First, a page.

The U-M Library recently announced that the California Digital Library (CDL), one of the world’s largest digital research libraries, is joining its grant-funded effort to identify public domain volumes from among the more than 10 million volumes that reside in HathiTrust.
The library’s copyright determination work first began in 2008 with a National Leadership Grant from the Institute of Museum and Library Services (IMLS) to create a copyright review management system (CRMS). The CRMS process has since identified 156,915 public domain volumes, which are now fully viewable in HathiTrust, from among the 295,411 that were reviewed.
Until recently the CRMS process was confined to works published in the United States between 1923-1963, many of which are in the public domain because they either did not meet the copyright requirements of the time (which included registration), or because their copyrights were not renewed (copyrights then lasted 28 years, with the option to renew for an additional 28).
In 2011, U-M Library received an additional IMLS Leadership Grant of nearly $1 million — the largest the library has ever received — to continue this work by developing robust and replicable copyright review systems that can be deployed by partner institutions. This new phase also extends the review process to books published in other countries, where copyright terms are typically defined by the number of years — usually 70 — from the date of the death of the author.
This international work will begin with English language works published in the United Kingdom, Canada, Australia and Spain, and will be extended to include more countries and languages as the necessary resources and partners are identified.
The project now has 16 research library partners — including CDL — that have committed their own resources, mainly staff time. It also has the support of several non-partner institutions, among them the Library of Congress and the Universidad Complutense de Madrid, Biblioteca Complutense.
Laine Farley, executive director of CDL, says, “The California Digital Library is extremely pleased to be able to participate in this ground-breaking collaborative effort to identify works in our collections that are out of copyright and which can be made fully accessible in digital form to students, scholars and the reading public.”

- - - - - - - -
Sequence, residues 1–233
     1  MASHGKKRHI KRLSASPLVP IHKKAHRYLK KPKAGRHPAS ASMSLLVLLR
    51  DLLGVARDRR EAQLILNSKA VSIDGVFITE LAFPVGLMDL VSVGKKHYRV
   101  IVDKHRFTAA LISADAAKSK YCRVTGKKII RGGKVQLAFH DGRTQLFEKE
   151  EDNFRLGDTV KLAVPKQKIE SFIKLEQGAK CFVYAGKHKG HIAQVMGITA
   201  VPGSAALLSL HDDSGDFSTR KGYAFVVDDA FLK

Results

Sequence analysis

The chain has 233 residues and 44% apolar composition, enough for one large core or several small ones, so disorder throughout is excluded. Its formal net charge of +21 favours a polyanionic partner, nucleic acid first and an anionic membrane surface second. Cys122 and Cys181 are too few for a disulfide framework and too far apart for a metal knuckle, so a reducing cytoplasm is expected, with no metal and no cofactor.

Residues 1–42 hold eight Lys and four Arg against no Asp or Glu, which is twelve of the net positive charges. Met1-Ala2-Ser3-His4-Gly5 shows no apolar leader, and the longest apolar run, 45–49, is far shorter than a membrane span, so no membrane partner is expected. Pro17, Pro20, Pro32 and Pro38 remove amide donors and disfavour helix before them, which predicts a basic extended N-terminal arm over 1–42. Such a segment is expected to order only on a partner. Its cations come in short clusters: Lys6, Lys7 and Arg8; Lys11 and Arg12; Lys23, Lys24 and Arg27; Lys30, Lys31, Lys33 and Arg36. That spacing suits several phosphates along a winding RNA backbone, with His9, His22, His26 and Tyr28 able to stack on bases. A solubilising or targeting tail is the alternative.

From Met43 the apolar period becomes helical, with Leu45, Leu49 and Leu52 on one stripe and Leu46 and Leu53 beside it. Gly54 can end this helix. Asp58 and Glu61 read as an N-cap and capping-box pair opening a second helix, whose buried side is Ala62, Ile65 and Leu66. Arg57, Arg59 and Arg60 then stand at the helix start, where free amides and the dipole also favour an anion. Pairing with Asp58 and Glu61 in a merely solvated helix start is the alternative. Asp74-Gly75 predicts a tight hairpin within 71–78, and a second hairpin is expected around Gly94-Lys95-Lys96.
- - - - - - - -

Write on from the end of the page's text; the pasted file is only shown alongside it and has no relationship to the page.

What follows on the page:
Melissa Levine, the library’s lead copyright officer and principal investigator on the current grant, says the commitment of scarce library resources by CDL and the other partners testifies to the importance of the work.
“Determining the copyright status of these digitized volumes will enable libraries worldwide to make better use of their collections to serve the public,” Levine says. Further, she says the CRMS project already has assembled the most authoritative data on the aggregate copyright status of works published in the U.S. between 1923-1963. “Until now, any estimates on the numbers of public domain or orphan works in this corpus have been based on little more than speculation.”
Paul Courant, university librarian and dean of libraries, affirms the importance of the project to libraries, scholars and the public. “There are potentially millions of books in library collections that are in the public domain, and now that technology makes it possible to share them widely, it’s the library’s obligation to do so.” He adds that doing so fulfills both the needs of scholars and the implied promise to copyright holders that their works can remain a part of public and scholarly discourse far beyond their commercial lives.
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